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We have an application that creates a folder with files on a remote machine, and a python script that looks for this folders from a local machine using its full UNC name and responds accordingly (for example, the script looks for the folder \\remote-host\D$\our_cool_application_output_folder from a local host).

There is a significant delay (around 5 seconds) from the actual appearance of this folder on the remote machine until the script can see it. It hurts the performance of our application. During the delay the script attempts to repeatedly access this folder (4 times per second) until it succeeds.

Is there any way to allow the local machine see the remote folder more quickly? Is there a way to reduce this "update time" to a few milliseconds?

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You could rewrite parts of Windows... – Ignacio Vazquez-Abrams Aug 5 '12 at 7:11

Instead of checking for the file repeatedly, ask Windows to notify you as soon as it arrives using FindFirstChangeNotification. By checking for the file repeatedly, you force the absence of the file into cache, preventing the file from being noticed.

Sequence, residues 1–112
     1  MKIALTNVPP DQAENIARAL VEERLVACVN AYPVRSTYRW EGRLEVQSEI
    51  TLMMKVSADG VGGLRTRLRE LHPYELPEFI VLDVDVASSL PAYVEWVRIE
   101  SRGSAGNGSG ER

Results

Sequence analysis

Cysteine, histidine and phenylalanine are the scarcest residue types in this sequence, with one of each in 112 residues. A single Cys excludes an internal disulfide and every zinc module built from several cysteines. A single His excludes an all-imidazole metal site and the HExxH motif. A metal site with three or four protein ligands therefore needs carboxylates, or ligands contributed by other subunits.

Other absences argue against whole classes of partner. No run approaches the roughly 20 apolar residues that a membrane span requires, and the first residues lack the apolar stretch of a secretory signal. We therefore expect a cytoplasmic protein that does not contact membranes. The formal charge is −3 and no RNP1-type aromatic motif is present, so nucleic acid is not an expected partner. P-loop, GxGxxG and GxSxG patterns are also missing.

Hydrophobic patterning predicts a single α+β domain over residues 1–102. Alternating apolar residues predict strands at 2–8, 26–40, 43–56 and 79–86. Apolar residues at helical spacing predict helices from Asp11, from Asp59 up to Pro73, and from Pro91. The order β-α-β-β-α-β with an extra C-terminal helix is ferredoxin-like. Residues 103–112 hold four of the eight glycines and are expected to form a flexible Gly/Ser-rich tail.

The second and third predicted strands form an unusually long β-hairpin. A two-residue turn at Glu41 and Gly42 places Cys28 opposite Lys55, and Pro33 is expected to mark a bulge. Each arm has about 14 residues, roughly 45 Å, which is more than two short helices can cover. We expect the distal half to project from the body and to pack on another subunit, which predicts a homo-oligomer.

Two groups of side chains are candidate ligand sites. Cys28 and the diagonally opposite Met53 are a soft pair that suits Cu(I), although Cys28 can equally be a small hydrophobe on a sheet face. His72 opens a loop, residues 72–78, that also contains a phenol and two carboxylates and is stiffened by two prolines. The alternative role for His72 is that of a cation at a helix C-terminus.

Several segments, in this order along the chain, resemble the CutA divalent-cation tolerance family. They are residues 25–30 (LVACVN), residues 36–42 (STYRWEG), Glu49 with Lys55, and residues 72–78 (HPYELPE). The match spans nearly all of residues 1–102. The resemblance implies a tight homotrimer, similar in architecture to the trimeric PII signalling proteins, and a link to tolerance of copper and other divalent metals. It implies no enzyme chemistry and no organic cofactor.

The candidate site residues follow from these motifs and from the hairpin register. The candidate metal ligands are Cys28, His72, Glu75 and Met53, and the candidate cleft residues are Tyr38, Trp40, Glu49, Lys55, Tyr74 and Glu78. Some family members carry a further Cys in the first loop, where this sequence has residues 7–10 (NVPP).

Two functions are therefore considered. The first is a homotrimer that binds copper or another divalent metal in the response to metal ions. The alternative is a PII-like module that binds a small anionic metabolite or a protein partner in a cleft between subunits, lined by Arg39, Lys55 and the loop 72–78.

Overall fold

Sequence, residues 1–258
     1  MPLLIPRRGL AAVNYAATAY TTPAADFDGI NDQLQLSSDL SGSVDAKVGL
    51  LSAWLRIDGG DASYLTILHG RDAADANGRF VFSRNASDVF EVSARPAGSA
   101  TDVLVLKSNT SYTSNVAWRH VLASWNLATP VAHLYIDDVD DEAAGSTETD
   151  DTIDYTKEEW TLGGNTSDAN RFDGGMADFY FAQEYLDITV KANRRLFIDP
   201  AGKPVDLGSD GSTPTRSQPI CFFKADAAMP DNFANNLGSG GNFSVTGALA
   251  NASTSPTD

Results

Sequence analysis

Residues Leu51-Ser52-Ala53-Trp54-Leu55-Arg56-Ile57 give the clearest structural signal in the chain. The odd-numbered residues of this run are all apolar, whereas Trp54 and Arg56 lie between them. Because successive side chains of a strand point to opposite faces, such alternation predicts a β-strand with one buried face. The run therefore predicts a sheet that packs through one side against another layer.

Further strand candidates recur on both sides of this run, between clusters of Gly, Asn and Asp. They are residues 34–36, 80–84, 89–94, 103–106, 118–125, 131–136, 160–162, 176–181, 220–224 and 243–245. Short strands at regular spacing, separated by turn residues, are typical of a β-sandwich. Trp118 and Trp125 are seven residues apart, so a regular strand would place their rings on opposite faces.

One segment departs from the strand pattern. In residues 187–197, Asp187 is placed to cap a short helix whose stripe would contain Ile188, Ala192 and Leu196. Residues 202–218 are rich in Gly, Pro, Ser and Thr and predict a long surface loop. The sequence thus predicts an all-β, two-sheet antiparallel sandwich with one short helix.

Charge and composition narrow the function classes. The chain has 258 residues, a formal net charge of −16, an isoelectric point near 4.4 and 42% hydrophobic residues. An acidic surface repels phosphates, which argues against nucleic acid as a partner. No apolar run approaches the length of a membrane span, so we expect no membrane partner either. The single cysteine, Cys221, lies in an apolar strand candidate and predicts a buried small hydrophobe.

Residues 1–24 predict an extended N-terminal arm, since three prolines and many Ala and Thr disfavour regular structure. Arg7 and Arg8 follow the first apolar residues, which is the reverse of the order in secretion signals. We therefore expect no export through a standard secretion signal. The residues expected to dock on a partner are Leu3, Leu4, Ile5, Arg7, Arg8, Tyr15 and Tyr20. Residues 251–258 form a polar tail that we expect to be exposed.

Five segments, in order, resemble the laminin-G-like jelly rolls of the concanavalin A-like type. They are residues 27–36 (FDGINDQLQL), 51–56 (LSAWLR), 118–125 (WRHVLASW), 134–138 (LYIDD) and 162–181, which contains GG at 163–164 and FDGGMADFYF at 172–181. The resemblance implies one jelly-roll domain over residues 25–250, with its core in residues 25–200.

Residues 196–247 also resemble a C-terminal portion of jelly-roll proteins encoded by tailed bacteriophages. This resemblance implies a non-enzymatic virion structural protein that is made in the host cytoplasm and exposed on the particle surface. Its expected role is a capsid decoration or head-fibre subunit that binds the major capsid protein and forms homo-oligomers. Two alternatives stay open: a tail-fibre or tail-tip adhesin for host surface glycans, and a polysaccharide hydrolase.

Windows will only check so often and the redirector has a cache. The worst possible thing you can do is ask for a file right before it appears. That ensures you have to wait out the whole negative cache validity interval to find the file.

You can disable some of these caches, but performance of bulk file I/O will suffer terribly. Really, you just shouldn't use files this way.

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Do you know of any other way we can use to watch for files, except for windows file sharing? – Alex Aug 5 '12 at 11:32
I would recommend either FindFirstChangeNotification, running a program to watch for the file on the server itself, or not using a file for this at all. – David Schwartz Aug 5 '12 at 11:34

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